$51M Later, County Drops Colonies Recovery Lawsuit

After the expenditure of more than $50 million in public funds by all four entities, the county of San Bernardino this week dropped the litigation relating to the Colonies settlement it has been pursuing for nine years against the city of Upland, the California Department of Transportation (Caltrans) and the county’s own transportation agency, San Bernardino Associated Governments, known by its acronym SANBAG.
The suit was filed by the county in 2004 after the county and its flood control district were sued in 2002 by the Colonies Partners over drainage issues at the Colonies at San Antonio residential and Colonies Crossroads commercial subdivisions in northeast Upland. The county’s lawsuit against the three other governmental agencies was filed as a precaution before the Colonies Partners’ lawsuit went to trial, on the assumption that the other entities had some level of liability with regard to the issues involved in the underlying lawsuit. The Colonies Partners, which had obtained approval for its residential and commercial projects from the city of Upland, sued the county because its flood control division had diverted stormwater collected in what was known as the 20th Street Storm Drain onto its property. The 20th Street Storm Drain was a project built by the county at the city of Upland’s behest to alleviate flooding originating at the northwestern corner of Upland. The storm drain ran along the periphery of the 210 Freeway, which was built by Caltrans in part with money provided by SANBAG. It was the county’s contention that Upland’s commissioning of the stormdrain and its failure to spell out in the approval of the Colonies projects which entities bore responsibility for the provision of infrastructure and the mitigation of developmental impacts contributed in large measure to the circumstances which led the Colonies Partners to file suit, as did  Caltrans’ and SANBAG’s designing of the freeway. The county’s lawsuit for two years was a relatively inexpensive formality until a November 26, 2006 vote by the county board of supervisors to settle the Colonies lawsuit with a $102 million payout to the Colonies Partners. The 3-2 vote to settle the suit was favored by then-supervisors Bill Postmus and Paul Biane as well as Gary Ovitt, who remains on the board. Since that time, the legal war between the county and the three defendants has escalated, to the point that the county expended roughly $26 million in pursuing the suit, while Caltrans has spent $11 million defending itself, SANBAG spent $8 million and Upland about $6 million.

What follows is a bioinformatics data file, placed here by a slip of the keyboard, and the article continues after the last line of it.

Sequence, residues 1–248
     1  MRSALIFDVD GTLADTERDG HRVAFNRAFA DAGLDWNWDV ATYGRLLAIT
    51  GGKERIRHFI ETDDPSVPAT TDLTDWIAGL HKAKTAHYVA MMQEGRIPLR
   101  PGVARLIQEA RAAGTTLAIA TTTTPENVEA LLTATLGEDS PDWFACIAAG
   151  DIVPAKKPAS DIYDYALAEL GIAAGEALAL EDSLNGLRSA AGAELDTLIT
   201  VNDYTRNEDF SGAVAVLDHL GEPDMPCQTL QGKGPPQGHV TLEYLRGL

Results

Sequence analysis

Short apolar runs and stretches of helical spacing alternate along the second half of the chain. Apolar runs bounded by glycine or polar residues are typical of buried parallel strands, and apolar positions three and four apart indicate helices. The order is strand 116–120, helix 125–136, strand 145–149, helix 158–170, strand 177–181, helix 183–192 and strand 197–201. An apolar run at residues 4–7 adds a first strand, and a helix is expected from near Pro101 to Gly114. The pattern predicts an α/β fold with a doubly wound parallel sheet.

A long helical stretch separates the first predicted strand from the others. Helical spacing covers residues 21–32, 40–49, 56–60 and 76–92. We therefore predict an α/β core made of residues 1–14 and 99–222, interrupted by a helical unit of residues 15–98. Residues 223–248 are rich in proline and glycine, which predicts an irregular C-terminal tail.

In addition to the seemingly interminable legal squabbling and the expense that entailed, other events and factors at last convinced the county to abandon the lawsuit.